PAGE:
When we got home that evening, I asked Neville what the cheapest clothes shop was in London. He replied that Marks & Sparks offered good value and that British Home Stores might be an alternative. After some hesitation, he added that Petticoat Lane often had good second-hand winter coats that could be had for a third of the price, if you could settle for such a compromise, he concluded dryly.
The next morning, after a much better night’s rest and a full English breakfast, we set out for Middlesex Road where indeed we found several such clothes stalls. The offer was quite extensive and included half-long Monty coats, worn black donkey-jackets, gabardine trench-coats, long, sand-coloured cashmeres and old army greatcoats. I knew my fussy mother would never have approved of such a dubious purchase but the understanding Ray promised to keep ‘mum’. After some browsing around I went for a camel duffel-coat that looked as if it had hardly been worn, though it did smell a bit of mothballs.
I must admit that it was rather oversized, but Ray said that was the fashion, and – fair enough – with its big pockets and warm hood it was exactly what I needed. The stallholder didn’t even have a mirror but I gloated at myself in a nearby shop window. In my naïve imagination I thought I looked like a CND protestor ready for the next Aldermaston march.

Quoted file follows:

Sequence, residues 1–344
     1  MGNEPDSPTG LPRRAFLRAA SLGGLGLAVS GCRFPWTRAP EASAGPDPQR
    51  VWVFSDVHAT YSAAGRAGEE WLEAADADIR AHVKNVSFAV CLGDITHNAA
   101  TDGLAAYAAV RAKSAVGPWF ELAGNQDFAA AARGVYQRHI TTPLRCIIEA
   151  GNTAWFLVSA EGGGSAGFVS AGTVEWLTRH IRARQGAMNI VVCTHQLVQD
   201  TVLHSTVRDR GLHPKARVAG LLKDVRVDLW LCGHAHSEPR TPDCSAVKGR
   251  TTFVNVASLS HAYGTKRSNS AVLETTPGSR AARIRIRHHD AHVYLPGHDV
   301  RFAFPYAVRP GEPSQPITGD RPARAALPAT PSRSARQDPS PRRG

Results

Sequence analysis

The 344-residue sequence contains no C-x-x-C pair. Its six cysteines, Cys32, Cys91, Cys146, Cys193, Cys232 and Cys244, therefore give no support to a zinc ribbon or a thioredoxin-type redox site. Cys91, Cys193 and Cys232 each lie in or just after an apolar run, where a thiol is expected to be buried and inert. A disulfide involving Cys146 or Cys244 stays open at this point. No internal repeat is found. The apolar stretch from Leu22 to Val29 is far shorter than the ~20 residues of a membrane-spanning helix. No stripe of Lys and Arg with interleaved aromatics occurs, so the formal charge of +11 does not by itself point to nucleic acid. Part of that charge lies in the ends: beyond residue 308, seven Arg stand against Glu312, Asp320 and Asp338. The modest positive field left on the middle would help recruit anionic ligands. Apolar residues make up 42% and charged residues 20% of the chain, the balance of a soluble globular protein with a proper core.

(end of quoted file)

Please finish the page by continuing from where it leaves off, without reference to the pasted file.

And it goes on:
As it happened, the bearded Ray found something for himself: an old Navy jumper, which made him look a bit like the HMS Hero sailor in the famous Players’ advert, I joked. The jumper sported the letters RTC Fleet, but none of the benumbed stallholders seemed to know what the abbreviation stood for (we filthily joked that it meant ‘Randy Tits and Cunt’), but at least we were now ready to brave the cold. That afternoon we visited Carnaby Street and The Kings Road, hoping to somehow get ourselves in a Sixties mood. However, it seemed obvious that it wasn’t anymore like in the days when The Fab Four were setting the scene (well it wouldn’t, as they had recently broken up). No Twiggys or Shrimps to be spotted either, and very few hotpants or miniskirts (not surprisingly in this kind of weather).
As a matter of fact, we had difficulty finding where Mary Quant once had her famous shop. Since it was a Saturday, Portobello Road street market was on, and like Petticoat Lane that seemed to be our thing. I bought myself a tiny, solid brass Churchill statuette, a fine paperweight that would grace my study desk at TTC, I imagined. Ray for his part managed to find several fine second-hand LPs: Jimi Hendrix, Carole King, Neil Young, King Crimson, Rod Stewart and the Faces…
On our third day, we visited Downing Street where we had our picture taken at the world-famous No 10 (a far cry from the stringent security measures these days). Then it was up to the Changing of the Guard, which was then still performed outside Buckingham Palace gates. After that, we had lunch in a kitschy Wimpy Bar (I particularly liked their plastic tomato-shaped ketchup bottles). The meal seemed to be a repetition of breakfast, as – allegedly – you could eat well in Britain by “having English breakfast three times a day”.